A video recording, lasting approximately six and a half minutes, captures what occurred next. Winky, standing among a group of officers, directs the group to remove Mr. Jacoby from his cell and states, “I'll tell y'all like this. You already got permission, you know what to do.” One officer asks another, “you want to spray him?” The group of at least six officers proceeds up the stairs and stops at Mr. Jacoby's cell, which is occupied by three inmates including Mr. Jacoby. When the officers open the cell door, Mr. Jacoby is on the floor of the cell, with his knees bent under his body and the top half of his body bending forward and touching the floor. Mr. Jacoby is clad in pants rolled up into capris and is not wearing a shirt, socks, or shoes. The camera's view is obscured by officers standing partially in front of it, so the location of Mr. Jacoby's hands is not pictured. The other two inmates, one sitting on a top bunk bed and another sitting on a bottom bunk bed, are instructed to leave and do so. As the other inmates are leaving the cell, McCants and another officer step into the cell and Officer McCants is heard saying “lay down, Jacoby, ”[2] to which Mr. Jacoby responds “I am.” Mr. Jacoby remains in the same position on the floor, with his knees bent under him. The video records McCants saying “down” and another officer saying “hands behind your back” in rapid succession.[3] The location of Mr. Jacoby's hands is still not pictured in the video recording. The parties do not dispute, however, that Mr. Jacoby's hands were not behind his back at this time.[4] Less than a second later, McCants begins spraying Mr. Jacoby and continues to do so for approximately two seconds.[5] The next time Mr. Jacoby is visible in the video, he is lying flat on the floor, face down, with his hands behind his back as McCants is handcuffing him and helping him stand. Mr. Jacoby is then heard saying, “What'd you do that for?”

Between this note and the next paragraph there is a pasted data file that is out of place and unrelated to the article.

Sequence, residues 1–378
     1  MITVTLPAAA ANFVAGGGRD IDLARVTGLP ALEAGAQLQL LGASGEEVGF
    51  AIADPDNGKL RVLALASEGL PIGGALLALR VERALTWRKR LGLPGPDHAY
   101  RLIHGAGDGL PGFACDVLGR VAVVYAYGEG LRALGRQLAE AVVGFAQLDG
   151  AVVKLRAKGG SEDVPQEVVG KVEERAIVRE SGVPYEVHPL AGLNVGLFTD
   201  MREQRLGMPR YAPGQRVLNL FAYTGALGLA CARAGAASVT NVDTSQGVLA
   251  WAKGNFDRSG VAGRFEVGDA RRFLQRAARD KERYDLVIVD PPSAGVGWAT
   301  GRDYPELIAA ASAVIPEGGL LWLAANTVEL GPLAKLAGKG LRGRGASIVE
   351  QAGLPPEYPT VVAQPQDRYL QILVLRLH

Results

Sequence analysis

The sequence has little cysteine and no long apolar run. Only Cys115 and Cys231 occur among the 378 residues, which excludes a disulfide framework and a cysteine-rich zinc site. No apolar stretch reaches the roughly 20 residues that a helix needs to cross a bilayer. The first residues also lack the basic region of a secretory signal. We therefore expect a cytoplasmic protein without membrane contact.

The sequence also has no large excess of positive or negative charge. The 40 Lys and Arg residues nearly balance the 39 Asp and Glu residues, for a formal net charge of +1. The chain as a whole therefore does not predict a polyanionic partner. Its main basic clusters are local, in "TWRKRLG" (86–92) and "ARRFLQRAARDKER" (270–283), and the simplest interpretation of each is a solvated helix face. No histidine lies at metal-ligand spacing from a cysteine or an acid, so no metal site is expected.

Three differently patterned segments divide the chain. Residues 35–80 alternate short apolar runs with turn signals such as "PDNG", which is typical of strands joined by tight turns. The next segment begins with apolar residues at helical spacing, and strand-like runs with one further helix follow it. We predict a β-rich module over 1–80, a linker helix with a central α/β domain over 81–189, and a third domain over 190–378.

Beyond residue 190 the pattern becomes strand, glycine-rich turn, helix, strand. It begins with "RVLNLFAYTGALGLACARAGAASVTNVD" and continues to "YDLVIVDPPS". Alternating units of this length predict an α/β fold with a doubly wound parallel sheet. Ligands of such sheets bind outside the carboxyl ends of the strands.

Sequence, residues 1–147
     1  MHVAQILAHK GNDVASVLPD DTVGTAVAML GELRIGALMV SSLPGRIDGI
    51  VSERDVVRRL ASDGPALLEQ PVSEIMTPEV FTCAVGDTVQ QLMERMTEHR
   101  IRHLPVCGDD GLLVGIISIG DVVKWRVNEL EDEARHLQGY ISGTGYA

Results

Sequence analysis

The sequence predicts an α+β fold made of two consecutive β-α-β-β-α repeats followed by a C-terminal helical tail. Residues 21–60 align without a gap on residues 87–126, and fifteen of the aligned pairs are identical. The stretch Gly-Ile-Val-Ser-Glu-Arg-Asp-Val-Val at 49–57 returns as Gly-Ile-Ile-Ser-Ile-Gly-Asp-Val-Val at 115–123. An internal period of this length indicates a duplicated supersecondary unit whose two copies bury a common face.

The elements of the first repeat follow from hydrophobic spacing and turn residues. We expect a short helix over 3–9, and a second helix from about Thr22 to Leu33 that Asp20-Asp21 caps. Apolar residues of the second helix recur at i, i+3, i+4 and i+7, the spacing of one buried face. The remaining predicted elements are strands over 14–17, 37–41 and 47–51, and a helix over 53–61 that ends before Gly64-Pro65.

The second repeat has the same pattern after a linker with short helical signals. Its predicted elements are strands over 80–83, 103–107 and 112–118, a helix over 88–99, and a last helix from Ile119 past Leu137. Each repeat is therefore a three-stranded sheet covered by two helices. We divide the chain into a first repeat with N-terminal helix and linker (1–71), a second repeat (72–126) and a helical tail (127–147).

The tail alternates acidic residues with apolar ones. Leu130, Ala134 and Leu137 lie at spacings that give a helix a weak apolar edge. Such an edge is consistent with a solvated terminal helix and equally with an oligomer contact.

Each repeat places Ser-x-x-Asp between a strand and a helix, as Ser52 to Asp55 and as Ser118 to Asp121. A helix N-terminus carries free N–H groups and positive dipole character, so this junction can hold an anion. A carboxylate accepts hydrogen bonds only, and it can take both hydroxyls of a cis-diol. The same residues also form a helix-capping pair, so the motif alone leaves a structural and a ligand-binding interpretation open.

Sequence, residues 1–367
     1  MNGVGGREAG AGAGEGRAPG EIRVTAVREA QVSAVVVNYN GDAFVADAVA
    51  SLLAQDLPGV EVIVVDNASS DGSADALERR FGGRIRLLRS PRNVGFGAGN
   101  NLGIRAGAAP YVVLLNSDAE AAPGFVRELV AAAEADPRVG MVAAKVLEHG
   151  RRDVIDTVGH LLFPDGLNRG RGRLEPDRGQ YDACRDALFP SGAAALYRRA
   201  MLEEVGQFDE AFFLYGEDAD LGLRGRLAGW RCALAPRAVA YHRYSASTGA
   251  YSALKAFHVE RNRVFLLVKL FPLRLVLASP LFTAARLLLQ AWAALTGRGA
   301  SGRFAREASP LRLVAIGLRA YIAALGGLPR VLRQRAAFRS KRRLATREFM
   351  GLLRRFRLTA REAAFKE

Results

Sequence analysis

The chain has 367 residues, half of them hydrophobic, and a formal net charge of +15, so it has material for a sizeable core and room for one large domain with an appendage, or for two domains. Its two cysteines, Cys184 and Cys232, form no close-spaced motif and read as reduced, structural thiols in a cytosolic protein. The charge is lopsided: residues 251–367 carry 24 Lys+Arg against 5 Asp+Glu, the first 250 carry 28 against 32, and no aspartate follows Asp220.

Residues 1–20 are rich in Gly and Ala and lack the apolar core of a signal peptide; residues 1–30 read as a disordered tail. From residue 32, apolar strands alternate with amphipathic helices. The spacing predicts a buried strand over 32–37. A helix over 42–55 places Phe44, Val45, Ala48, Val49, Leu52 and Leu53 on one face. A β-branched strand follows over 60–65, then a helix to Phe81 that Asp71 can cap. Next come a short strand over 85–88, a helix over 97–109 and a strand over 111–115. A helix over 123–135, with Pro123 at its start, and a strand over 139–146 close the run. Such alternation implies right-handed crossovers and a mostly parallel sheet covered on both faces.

McCants and the group of officers then lead Mr. Jacoby, whose back is glossy-visibly wet from the spray-down the stairs. Mr. Jacoby argues about kicking the door and the use of the pepper spray, stating, “Seriously? You sprayed me for that?” As he is being led to decontaminate, Mr. Jacoby threatens to sue all of the officers involved, states that what just occurred was an unnecessary use of force, and complains about being “locked up for somebody else's tobacco.” Mr. Jacoby is directed to a large sink in a closet, where McCants hoses off his face and head-but not his back-for approximately forty-five seconds and wipes his face off with paper towels. Mr. Jacoby asks to be further decontaminated, stating, “That's all I get? I need some more, man, please. Get my eyes again.”